Huma Design recently converted La Fabrique 125, a former textile and clothing manufacturing area, into a neighbourhood for living and creativity.
"We reinterpreted the spirit of the place to convey the new vocation of Quartier Chabanel, defined as the Montreal hub of fashion and design," commented Stephanie Cardinal, president of Huma Design.
"The project was conceived to be a beacon of creativity, light, and space, with customizable open areas, exceptionally large windows and incredibly high ceilings, and signage with typography that evokes the building's industrial history as much as it states its new identity."
The desiners preserved the original spirit of the building, from the concrete structure to the rhythm of the façade's frame and the exterior cladding materials (glazed white bricks and black bricks).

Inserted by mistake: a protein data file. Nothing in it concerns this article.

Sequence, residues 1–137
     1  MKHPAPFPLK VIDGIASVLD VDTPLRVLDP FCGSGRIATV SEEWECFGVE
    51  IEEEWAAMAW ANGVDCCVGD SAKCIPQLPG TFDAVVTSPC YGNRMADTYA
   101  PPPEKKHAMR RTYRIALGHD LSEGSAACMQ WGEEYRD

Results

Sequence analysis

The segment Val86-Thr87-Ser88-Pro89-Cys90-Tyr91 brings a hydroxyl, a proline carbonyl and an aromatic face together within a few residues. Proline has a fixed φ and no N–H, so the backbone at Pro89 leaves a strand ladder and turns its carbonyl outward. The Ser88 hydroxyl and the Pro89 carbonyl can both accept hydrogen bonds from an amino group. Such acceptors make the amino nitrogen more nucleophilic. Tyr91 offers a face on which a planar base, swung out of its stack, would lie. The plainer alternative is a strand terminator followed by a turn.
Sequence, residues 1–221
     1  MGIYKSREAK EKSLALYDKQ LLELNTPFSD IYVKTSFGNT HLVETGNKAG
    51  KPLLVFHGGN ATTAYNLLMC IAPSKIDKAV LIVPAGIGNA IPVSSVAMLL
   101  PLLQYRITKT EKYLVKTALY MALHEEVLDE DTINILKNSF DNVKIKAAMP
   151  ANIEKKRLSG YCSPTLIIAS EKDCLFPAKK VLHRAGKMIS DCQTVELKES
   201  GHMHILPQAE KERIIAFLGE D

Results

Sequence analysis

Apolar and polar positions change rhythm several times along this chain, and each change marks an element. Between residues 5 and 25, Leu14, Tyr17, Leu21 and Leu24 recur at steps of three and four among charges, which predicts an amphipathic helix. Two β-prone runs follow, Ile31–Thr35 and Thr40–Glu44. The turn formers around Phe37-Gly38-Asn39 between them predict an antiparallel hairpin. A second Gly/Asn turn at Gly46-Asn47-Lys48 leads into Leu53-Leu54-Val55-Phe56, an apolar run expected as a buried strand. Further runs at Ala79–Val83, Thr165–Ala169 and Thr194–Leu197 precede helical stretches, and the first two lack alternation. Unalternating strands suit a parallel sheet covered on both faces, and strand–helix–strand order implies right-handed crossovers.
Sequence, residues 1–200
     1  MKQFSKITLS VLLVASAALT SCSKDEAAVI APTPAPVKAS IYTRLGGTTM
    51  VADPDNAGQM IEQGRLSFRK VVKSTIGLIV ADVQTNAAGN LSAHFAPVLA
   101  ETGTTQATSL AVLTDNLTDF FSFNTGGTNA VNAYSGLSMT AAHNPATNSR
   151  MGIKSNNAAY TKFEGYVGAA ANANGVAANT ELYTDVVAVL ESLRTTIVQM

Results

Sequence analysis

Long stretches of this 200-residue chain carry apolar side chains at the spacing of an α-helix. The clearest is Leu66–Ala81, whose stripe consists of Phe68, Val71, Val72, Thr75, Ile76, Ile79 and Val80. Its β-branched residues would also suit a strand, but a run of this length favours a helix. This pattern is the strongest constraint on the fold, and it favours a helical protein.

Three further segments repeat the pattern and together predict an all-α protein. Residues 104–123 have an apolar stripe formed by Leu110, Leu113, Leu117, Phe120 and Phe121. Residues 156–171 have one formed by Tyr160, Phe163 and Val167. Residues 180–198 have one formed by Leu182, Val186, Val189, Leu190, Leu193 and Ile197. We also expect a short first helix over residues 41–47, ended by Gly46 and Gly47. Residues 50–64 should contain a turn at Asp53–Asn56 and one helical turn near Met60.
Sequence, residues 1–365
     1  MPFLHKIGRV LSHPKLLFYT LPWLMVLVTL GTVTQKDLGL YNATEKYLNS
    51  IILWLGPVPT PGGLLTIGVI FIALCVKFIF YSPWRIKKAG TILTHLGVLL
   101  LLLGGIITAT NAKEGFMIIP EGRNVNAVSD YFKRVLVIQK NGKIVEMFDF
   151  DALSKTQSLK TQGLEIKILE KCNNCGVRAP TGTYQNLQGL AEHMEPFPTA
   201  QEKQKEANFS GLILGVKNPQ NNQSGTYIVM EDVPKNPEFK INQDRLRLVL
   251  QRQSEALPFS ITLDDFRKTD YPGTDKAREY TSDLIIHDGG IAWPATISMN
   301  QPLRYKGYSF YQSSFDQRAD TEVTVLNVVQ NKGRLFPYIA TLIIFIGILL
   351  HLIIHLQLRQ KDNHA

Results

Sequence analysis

At the same time, they played on the contrasts between industrial past and new residential vocation in order to affirm the building's identity. For instance, the address identification painted on the façade evokes the 192 new housing units, and the fine lines of the Didot typeface stand out against the building's massive form. Inside, the visual identity features motifs inspired by different sewing stitches - a reminder of La Fabrique 125's origins - and the signage refers to the typeface used on the façade.
Adding to the contrasting interplay of elements, the new fenestration is designed as long bands of six-foot-high glass that emphasize the building's lines by being slightly recessed from the masonry cladding. The ground floor has been detached from the rest of the building thanks to an awning that runs across two facades, serving also as a support for lighting, as well as a curtain wall on Chabanel Street and different fenestration on Esplanade Street.
Photos: Robert Bock